True politeness consists in being easy one's self, and in making every one about one as easy as one can.
Know then thyself, presume not God to scan; The proper study of mankind is man.
A wit with dunces, and a dunce with wits.
Of Manners gentle, of Affections mild; In Wit a man; Simplicity, a child.
But blind to former as to future fate, what mortal knows his pre-existent state?
Be not the first by whom the new are tried, Nor yet the last to lay the old aside.
Order is heaven's first law.
Passions are the gales of life.
An honest man's the noblest work of God.
The difference is too nice - Where ends the virtue or begins the vice.
How shall I lose the sin, yet keep the sense, and love the offender, yet detest the offence?
Woman's at best a contradiction still.
Slave to no sect, who takes no private road, But looks through Nature up to Nature's God.
Genius creates, and taste preserves. Taste is the good sense of genius; without taste, genius is only sublime folly.
The bookful blockhead, ignorantly read, With loads of learned lumber in his head.
Party-spirit at best is but the madness of many for the gain of a few.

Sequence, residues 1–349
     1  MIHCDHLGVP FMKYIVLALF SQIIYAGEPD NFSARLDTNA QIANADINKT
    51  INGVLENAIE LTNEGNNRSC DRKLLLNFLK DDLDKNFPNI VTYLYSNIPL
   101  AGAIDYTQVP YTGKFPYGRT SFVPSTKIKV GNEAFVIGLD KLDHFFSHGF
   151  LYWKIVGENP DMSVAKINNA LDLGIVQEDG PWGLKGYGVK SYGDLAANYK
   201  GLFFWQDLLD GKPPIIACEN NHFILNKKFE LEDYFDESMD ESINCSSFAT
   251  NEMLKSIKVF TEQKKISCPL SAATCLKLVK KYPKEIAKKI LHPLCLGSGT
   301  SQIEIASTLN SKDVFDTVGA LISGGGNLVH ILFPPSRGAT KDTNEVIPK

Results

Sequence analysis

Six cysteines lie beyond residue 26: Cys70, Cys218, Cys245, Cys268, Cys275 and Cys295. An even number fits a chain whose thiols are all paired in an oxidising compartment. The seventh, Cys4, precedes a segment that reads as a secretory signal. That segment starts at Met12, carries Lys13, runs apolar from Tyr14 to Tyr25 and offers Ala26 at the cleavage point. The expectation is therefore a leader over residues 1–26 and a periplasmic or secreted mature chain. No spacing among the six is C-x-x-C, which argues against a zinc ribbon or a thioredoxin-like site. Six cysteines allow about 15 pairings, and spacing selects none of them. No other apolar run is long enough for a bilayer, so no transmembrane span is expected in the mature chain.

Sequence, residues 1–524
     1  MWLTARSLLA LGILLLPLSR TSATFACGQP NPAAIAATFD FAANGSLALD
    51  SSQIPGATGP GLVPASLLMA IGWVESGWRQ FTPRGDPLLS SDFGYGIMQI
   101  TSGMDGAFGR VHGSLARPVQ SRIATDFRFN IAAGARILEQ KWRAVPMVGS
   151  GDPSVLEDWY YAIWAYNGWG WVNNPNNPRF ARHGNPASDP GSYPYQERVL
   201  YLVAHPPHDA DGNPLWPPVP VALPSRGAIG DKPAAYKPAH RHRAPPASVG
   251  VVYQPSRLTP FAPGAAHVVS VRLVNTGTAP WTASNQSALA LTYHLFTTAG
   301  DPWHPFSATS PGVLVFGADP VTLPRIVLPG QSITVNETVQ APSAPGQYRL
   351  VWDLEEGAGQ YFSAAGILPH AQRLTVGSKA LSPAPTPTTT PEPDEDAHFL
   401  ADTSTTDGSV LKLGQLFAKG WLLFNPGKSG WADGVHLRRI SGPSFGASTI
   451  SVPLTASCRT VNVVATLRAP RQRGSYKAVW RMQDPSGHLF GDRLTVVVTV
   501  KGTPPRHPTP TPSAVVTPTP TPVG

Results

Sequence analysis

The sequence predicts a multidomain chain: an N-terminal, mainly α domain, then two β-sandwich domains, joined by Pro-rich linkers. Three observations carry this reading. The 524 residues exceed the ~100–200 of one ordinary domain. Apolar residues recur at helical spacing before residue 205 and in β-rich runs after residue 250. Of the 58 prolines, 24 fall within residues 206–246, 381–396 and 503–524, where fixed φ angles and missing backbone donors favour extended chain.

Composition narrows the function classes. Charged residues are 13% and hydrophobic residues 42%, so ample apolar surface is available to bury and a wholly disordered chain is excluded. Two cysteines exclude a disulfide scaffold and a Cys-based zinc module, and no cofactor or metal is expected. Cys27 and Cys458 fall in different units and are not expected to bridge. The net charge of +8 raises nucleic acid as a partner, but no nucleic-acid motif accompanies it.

Whoever thinks a faultless piece to see, Thinks what ne'er was, nor is, nor e'er shall be.
Extremes in nature equal ends produce; In man they join to some mysterious use.
Some old men, continually praise the time of their youth. In fact, you would almost think that there were no fools in their days, but unluckily they themselves are left as an example.
Behold the child, by Nature's kindly law pleased with a rattle, tickled with a straw.
Men would be angels, angels would be gods.
And all who told it added something new, and all who heard it, made enlargements too.
For Forms of Government let fools contest; whatever is best administered is best.
Pride is still aiming at the best houses: Men would be angels, angels would be gods. Aspiring to be gods, if angels fell; aspiring to be angels men rebel.
The hungry judges soon the sentence sign, and wretches hang that jurymen may dine.
Like Cato, give his little senate laws, and sit attentive to his own applause.
Get place and wealth, if possible with grace; if not, by any means get wealth and place.
Gentle dullness ever loves a joke.
Wit is the lowest form of humor.
Health consists with temperance alone.
Virtue she finds too painful an endeavour, content to dwell in decencies for ever.
Never was it given to mortal man - To lie so boldly as we women can.
'Tis education forms the common mind; just as the twig is bent the tree's inclined.
Men must be taught as if you taught them not, and things unknown proposed as things forgot.
True ease in writing comes from art, not chance, as those move easiest who have learn'd to dance.
Tis but a part we see, and not a whole.
The worst of madmen is a saint run mad.
Lo, what huge heaps of littleness around!
Hope travels through, nor quits us when we die.